Cover image for The "Galitzin" quartets of Beethoven : opp. 127, 132, 130
The "Galitzin" quartets of Beethoven : opp. 127, 132, 130
Chua, Daniel K. L., 1966-
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Publication Information:
Princeton, N.J. : Princeton University Press, 1995.
Physical Description:
286 pages : illustrations ; 25 cm
Introduction -- Motifs, counterpoint, and form: The Quartet in E♭ Major, Op. 127 -- Unity and disunity: The first movement of the Quartet in A minor, Op. 132 -- Rhythm, time, and space: The last four movements of Op. 132 -- Cadences and closure: The middle movements of Op. 130 -- Doubles and parallels: The first movement of Op. 130 and the Grosse Fuge, Op. 133 -- Conclusion.
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MT145.B425 C56 1995 Adult Non-Fiction Non-Fiction Area

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This study is an analysis of the first three of Beethoven's late quartets, Opp. 127, 132, and 130, commissioned by Prince Nikolai Galitzin. The five late quartets, usually considered as a group, were written in the same period as the Missa solemnis and the Ninth Symphony, and are among the composer's most profound musical statements. Daniel K. L. Chua believes that of the five quartets the three that he studies trace a process of disintegration, whereas the last two, Opp. 131 and 135, reintegrate the language that Beethoven himself had destabilized.

Through analyses that unearth peculiar features characteristic of the surface and of the deeper structures of the music, Chua interprets the "Galitzin" quartets as radical critiques of both music and society, a view first proposed by Theodore Adorno. From this perspective, the quartets necessarily undo the act of analysis as well, forcing the analytical traditions associated with Schenker and Schoenberg to break up into an eclectic mixture of techniques. Analysis itself thus becomes problematic and has to move in a dialectical and paradoxical fashion in order to trace Beethoven's logic of disintegration. The result is a new way of reading these works that not only reflects the preoccupations of the German Romantics of that time and the poststructuralists of today, but also opens a discussion of cultural, political, and philosophical issues.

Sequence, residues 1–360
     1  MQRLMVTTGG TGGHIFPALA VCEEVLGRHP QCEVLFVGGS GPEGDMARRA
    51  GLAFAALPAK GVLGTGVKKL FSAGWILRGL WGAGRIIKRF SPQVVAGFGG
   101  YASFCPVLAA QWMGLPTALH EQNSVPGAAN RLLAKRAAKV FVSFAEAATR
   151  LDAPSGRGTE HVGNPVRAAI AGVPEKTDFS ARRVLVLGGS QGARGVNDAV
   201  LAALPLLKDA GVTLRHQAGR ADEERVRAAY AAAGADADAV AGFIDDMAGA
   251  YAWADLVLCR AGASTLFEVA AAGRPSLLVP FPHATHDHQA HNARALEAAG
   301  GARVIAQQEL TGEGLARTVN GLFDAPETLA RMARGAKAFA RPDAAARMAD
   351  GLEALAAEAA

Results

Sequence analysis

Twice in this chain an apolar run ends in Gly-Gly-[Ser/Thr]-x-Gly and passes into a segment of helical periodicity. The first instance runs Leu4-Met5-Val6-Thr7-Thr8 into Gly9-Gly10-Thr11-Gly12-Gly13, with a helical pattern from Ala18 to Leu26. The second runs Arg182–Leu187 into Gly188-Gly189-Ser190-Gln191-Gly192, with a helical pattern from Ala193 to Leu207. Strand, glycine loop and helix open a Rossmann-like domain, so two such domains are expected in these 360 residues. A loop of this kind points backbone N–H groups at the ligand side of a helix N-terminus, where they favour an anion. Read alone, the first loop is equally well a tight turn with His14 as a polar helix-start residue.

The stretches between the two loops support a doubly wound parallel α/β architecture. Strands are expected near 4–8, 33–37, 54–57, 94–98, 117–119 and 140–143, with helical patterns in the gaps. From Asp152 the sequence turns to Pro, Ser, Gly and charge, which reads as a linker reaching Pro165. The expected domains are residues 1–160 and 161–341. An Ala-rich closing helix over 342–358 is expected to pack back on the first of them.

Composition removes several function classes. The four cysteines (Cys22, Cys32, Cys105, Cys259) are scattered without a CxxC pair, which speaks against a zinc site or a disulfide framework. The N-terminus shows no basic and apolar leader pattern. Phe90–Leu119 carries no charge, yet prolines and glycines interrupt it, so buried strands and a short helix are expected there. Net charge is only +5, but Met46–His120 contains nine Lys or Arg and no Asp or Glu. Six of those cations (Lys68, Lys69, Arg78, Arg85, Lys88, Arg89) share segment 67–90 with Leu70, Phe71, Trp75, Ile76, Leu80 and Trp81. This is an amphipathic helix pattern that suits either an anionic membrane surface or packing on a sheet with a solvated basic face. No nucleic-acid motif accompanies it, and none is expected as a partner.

Originally published in 1995.

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Reviews 1

Choice Review

This book is a critique of the Enlightenment (or perhaps more accurately stated, a critique of musical analysis) masquerading as analysis. Chua (St. John's College, Cambridge) employs an analytical methodology that is a hodgepodge of the theories of Heinrich Schenker, Theodor Adorno, and Rudolph Reti--with a liberal dose of Jacques Derrida thrown in for good measure. The result is a study that offers nothing new but does so in the most convoluted and tendentious way possible. The actual Schenkerian analyses of the quartets are rather good, but the conclusions drawn from these analyses invoke the categories of German transcendental philosophy so often, and are so subjective in nature, that the book at times reads like a 19th-century music appreciation text. Rather than demonstrating the formal "crisis" in the music of the late classical era, this book exemplifies the crisis of logic in the musicology of the 1990s. Interested readers may wish to examine Joseph Kerman's outstanding The Beethoven Quartets (CH, Jul'67). Not recommended. W. E. Grim Worcester State College

Table of Contents

Chapter 1 Introductiop. 3
Chapter 2 Motifs, Counterpoint, and Form: The Quartet in E6 Major, Op.127p. 11
Chapter 3 Unity and Disunity: The First Movement of the Quartet in A Minor, Op. 132p. 54
Chapter 4 Rhythm, Time, and Space: The Last Four Movements of Op. 132p. 107
Chapter 5 Cadences and Closure: The Middle Movements of Op. 130p. 163
Chapter 6 Doubles and Parallels: The First Movement of Op. 130 and the Grosse Fuge, Op. 133p. 201
Chapter 7 Conclusionp. 245
Notesp. 249
Bibliographyp. 273
Indexp. 283